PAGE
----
In another, a man appears to be tipping his hat to the viewer. Save the ubiquitous iPod earbuds, he would look at home in a fin de siècle daguerrotype. Behind him is the Luz train station, shipped over, piece by piece, from Scotland and built in 1901. Once the transit point for newly arrived European immigrants from the coast, Luz now hosts weekday workers heading to jobs at the stock exchange, or those manning the gold-trading storefronts that dot the nearby streets.

Iaria chronicles the area’s more recent history as well. There is the Copan building, O Centro’s defining landmark. The creation of Rio architect Oscar Niemeyer, the wave-like apartment block was designed with the idea that all classes would live together behind its walls. It towers 38 stories above Ipiranga Avenue, so dominating that it has its own zip code. Iaria’s photo, shot from below, carries a whiff of the sublime. The structure’s sinuous curves speak to the promise of modernism: that a bright future for all was on the way.

Utopia never came. Other monuments to progress were erected in mid-century and left to rot. In one desolate photo, the buildings actually appear to slump, like drunks trying to hold up the sky. Down on the street, lone figures thread their way along a wall, reminders that it’s easy for individuals to get lost in the metropolis.

Indeed, Sao Paulo’s size is inescapable. There is a Sunday morning photograph of a city worker sweeping the Largo de Memoria. The foreground shows mid-century office buildings, erected on a human scale. In the distance, skyscrapers march toward the horizon, totems of the city’s growth.

Iaria, though, is most interested in people, and in “the resiliency of the human spirit,” as he puts it. He focuses not on the elites who take private helicopters to work, nor on the millions of Paulistanos who fill the favelas. Mostly, he trains his gaze on those who are just getting by. And O Centro is very much a place of people just getting by.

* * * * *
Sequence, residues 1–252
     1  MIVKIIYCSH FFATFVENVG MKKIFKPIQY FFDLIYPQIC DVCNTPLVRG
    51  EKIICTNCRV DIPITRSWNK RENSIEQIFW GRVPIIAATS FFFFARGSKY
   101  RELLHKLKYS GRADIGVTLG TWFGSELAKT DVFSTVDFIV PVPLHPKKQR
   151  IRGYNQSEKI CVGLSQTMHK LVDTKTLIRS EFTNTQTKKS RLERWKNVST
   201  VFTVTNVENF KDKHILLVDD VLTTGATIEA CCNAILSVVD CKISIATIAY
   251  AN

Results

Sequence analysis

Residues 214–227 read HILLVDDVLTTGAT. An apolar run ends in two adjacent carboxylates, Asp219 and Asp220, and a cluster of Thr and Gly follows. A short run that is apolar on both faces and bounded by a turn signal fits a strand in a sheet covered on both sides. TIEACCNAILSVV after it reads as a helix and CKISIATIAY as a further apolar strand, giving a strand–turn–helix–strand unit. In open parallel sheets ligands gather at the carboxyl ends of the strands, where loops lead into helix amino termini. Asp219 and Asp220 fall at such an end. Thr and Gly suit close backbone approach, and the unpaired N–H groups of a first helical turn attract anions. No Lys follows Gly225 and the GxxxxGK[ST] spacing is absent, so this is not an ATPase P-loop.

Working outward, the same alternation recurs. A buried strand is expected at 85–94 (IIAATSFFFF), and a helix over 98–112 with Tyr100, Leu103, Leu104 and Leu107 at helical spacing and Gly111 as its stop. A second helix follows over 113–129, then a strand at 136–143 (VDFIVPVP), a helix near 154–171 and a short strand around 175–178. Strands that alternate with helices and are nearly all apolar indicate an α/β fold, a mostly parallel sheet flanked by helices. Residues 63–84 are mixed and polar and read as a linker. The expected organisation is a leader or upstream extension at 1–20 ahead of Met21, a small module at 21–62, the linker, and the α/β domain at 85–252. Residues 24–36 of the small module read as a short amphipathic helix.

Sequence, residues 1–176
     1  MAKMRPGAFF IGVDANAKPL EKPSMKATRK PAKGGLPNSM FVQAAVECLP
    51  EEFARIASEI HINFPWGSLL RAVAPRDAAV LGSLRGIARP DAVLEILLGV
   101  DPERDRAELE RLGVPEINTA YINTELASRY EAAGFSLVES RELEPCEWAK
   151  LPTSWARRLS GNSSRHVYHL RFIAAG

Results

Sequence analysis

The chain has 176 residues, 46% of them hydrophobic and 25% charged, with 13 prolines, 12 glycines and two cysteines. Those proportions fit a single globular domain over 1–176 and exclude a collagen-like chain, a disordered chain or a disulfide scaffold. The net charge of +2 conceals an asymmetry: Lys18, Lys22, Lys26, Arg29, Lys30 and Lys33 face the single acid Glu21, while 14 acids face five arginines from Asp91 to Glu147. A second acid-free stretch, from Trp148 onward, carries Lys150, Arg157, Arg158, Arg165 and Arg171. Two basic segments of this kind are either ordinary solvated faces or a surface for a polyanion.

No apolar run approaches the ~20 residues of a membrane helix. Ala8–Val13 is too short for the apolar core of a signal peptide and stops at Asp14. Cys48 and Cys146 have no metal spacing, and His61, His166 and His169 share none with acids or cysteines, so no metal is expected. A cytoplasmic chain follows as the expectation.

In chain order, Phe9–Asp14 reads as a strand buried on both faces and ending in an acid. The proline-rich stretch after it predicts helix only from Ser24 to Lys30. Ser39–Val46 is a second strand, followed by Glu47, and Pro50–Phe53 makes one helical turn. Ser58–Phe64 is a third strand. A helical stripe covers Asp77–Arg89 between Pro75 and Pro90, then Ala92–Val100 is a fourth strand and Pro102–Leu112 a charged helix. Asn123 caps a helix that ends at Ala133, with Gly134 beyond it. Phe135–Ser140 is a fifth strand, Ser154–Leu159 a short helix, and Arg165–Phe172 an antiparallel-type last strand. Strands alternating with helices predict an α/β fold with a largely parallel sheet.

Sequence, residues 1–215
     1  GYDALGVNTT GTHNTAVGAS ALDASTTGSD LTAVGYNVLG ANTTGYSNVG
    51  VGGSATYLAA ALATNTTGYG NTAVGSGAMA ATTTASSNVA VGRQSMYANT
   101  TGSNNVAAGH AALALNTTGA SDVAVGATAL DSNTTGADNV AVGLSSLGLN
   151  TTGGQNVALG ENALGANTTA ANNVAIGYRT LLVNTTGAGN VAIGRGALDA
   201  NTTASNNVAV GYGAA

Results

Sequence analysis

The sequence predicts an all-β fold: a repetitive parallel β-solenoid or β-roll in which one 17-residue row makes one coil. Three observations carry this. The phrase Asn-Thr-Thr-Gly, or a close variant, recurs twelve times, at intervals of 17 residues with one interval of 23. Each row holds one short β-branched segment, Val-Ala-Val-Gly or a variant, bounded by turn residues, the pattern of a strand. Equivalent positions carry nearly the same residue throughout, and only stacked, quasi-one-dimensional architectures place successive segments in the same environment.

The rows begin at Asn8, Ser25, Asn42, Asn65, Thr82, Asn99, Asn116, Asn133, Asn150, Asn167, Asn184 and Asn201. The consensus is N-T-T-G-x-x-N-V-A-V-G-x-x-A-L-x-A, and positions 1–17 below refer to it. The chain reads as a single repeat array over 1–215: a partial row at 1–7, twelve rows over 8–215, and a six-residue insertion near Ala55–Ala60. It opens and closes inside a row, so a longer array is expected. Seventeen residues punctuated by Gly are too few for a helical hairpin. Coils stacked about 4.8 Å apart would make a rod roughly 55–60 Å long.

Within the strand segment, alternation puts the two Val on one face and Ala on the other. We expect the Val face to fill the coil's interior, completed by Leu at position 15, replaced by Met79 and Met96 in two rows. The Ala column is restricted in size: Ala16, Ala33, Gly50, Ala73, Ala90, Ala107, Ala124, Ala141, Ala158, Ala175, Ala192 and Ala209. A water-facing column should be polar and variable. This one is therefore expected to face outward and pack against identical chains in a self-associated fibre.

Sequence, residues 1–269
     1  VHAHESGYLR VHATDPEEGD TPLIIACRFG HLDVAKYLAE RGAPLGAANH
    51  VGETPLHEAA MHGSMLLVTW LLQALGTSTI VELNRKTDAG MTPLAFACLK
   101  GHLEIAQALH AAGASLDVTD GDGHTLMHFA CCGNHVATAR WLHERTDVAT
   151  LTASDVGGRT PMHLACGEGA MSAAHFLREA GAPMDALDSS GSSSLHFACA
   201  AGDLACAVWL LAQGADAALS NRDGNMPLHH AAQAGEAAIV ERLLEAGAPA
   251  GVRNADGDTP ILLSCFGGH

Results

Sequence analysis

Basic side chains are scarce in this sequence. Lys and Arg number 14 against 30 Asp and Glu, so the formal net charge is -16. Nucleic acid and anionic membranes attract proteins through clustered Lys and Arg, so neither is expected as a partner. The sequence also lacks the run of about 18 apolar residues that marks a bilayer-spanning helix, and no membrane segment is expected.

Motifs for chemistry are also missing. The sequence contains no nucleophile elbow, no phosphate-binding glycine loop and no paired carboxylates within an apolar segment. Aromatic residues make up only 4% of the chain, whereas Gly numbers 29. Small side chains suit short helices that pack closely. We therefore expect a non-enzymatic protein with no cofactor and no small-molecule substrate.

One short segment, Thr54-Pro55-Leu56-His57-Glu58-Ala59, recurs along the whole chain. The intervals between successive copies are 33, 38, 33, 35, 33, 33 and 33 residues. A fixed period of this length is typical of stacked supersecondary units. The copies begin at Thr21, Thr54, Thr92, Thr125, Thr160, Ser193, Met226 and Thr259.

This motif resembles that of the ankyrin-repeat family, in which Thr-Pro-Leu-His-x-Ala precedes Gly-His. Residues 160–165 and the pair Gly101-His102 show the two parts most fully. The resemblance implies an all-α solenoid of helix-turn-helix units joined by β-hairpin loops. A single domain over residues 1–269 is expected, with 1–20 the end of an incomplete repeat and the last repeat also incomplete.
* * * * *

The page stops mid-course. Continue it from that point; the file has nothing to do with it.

He spends long moments with a man selling pineapple slices on the sidewalk, whose earnings just barely support his family. He meets a parking attendant who looks after mopeds and motorcycles, the keys hanging from his neck on a wire. Iaria also happens upon a shoeshine parlor that once served wealthy businessmen. The seats are torn now. The clientele doesn’t have much extra cash.

One photograph shows a man’s hands, rutted from years of cutting limes, apples, and bananas. There are day laborers hauling heavy loads on wagons, and scarecrow-like old men standing on street corners with advertising boards hung from their necks. “Compro Ouro,” the signs read. “Buy Gold.” Iaria makes a portrait of one of these men. There is stoicism in his expression, and also dignity.